Jump to content
BC Boards

Leash lunging, barking, and hackles


Recommended Posts

We were traveling and crating Molly in the van, she did get a mile walk in but more rest with the long drive. At a park- two dogs unleashed came quickly to see Molly on the leash. A small Brittany spaniel and large black lab - came nose to nose with Molly- her Hackles were raised and she started to growl and bark. The Brittany lunged at her.

 

I notice this behavior more on the leash then off.

 

We removed the Brittany. Let Molly off leash to run a bit. The lab and Molly played nicely. Apparently the Brittany is a bit harder to socialize.

 

What would you do if you encounter two dogs while yours is on a leash?

 

The dogs went nose to nose instead of sniffing back ends- :unsure::blink:

 

Ways safely stop aggressive behavior.

 

 

 

ps. I knew both dogs, the lab is generally mellow, the Brittany is more a people dog than socializing dog.

 

 

Link to post
Share on other sites

This can be a tough situation with any dog. Two strange dogs charging at you when you have no means of escape is scary for anyone and that's likely how your dog viewed the situation. I think your dog responded in a completely normal manner and I wouldn't worry about it too much. I don't know how much time you had to react, but I probably would have quickly put her back in the van until you had better control over the situation.

 

Here's what I typically do with my dogs when dogs come running at us.

 

Bear has been attacked while on leash and can be a bully towards other dogs in any situation (especially male dogs). With him its best to just get out of there as quickly as possible. Not running of course, but just moving away from the other dogs so he feels a bit more comfortable. If the dogs come up behind him to sniff as we retreat, at least they're not head on where they're likely to have conflict. We just keep moving forward and do our best to ignore the persistent followers (though most dogs take the hint and leave us alone).

 

Meg has some leash issues. She has greatly improved over the past two years, but we're still working on it. She does well off leash with other dogs but on leash she goes on the defensive when other dogs approach in any manner. In situations like you described, I think its a perfectly normal response. The other dog(s) should not be running at her and I don't think its fair to expect her to be ok with that. Mostly she just wants the other dogs to back away and slow down so she can decide if she likes them and wants to meet them or not. With Meg, I help her out by putting her behind me so I'm between the other dog(s) and her. This usually slows the other dogs down so they approach more cautiously. Sometimes body blocking and moving towards the approaching dog to get them to back off is necessary. Then if a meet and greet is appropriate, I'll drop the leash and let her say hello. If not, we walk away, with me staying between her and the other dog.

 

Uneducated dog owners will almost always blame your 'aggressive' dog for anything that happens, but the fact is they were wrong for letting their dogs charge up to you and your dog.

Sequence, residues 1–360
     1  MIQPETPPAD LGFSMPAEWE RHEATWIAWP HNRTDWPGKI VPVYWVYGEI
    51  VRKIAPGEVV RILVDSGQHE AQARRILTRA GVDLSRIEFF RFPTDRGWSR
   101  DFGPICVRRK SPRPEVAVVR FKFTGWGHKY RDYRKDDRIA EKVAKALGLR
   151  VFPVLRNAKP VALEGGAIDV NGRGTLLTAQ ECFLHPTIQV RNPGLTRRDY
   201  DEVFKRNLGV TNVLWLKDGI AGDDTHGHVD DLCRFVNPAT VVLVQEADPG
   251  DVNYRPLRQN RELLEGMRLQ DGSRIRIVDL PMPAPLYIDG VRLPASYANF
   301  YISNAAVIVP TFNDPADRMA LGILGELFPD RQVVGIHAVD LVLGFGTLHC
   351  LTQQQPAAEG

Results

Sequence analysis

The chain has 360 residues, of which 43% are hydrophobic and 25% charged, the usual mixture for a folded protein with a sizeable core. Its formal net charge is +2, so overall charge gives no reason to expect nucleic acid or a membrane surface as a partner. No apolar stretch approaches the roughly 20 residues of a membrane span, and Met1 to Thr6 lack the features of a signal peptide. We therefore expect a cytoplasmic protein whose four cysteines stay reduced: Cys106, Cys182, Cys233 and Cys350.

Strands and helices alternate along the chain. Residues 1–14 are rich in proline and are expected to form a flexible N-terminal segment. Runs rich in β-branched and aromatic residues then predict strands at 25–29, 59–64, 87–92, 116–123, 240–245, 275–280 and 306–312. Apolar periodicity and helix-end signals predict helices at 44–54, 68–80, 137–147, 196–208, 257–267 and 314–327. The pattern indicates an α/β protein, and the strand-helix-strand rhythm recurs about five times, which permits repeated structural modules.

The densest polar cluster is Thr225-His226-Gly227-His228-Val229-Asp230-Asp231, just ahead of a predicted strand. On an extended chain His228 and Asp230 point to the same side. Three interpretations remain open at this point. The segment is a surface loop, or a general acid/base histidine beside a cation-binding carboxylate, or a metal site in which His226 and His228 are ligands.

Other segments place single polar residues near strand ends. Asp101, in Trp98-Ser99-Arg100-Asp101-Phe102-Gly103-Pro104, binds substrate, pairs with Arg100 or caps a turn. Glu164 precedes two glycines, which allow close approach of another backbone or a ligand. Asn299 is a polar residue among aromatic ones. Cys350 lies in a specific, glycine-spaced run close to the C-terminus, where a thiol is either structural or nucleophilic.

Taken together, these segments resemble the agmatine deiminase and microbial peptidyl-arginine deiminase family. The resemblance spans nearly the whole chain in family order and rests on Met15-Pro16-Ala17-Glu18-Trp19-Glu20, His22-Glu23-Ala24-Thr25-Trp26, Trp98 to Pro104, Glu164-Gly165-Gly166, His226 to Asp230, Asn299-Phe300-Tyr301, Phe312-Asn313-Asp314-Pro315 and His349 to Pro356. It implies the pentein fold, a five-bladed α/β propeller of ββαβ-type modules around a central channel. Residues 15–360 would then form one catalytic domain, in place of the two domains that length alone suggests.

In a few cases where I knew the dog and the other dog's owner, I've just dropped the leash while the other dog was approaching so Meg could feel she had an escape and couldhandle it on her own. She did really well and it helped her confidence on leash, but I would only do that if you know that the other dog has good intentions and its safe to do so.

 

One time, Meg was really freaking out and flying all over like a nut, scratching up my arms as she jumped. I'm have no idea what she was thinking, but the dog that was approaching looked to be only 6-7 months old and clearly just wanted to play so I just grabbed Meg's head and made her let the other dog sniff her bottom. After that she immediately calmed down and was fine. They played for a few minutes (Meg still on leash because we were in the street) until the puppy's owner realized he had wandered off and came to get him. Again, not something I'd do all the time, but in that situation it worked and both dogs were happy when we parted.

Link to post
Share on other sites

Rodeo got attacked once during a walk. The dog snuck past the owner as she was opening the front door, trotted up to him, fastened on to the fur on Rodeo's neck, and started shaking as violently as it could.

 

Nothing I could do helped, but someone came along and splashed the dog with water, and it released immediately.

 

So if you're concerned about future dog attacks, a plastic water bottle might be a useful thing to carry.

Link to post
Share on other sites

You say you knew the dogs, so if it were me, I would have dropped my leash immediately when I saw them running. This way your dog doesn't feel cornered or like she can't get away. Even still, imagine if you had two big humans running full speed at you? It's still rude behavior on the other dogs part and sometimes a 'correction' from your dog is warranted as long as it isn't over the top. IMO anyways.

Link to post
Share on other sites

It would take me some time to dig up the study, but there is some scientific evidence out there that dogs show more aggression on leash than off. Might be worth a try dropping the leash if you know the dogs, as was mentioned before.

 

If a dog is clearly running up in an aggressive, or overbearing, way when I have Rocket on leash I try to chase the other dog off myself. I look them dead in the eye and use a low stern voice and say "no" or "go on" and point away. Typically, stray (or hyper) dogs decide its worth it to give me a wide berth. Maybe they aren't all used to assertive strange humans?

Link to post
Share on other sites

It would take me some time to dig up the study, but there is some scientific evidence out there that dogs show more aggression on leash than off. Might be worth a try dropping the leash if you know the dogs, as was mentioned before.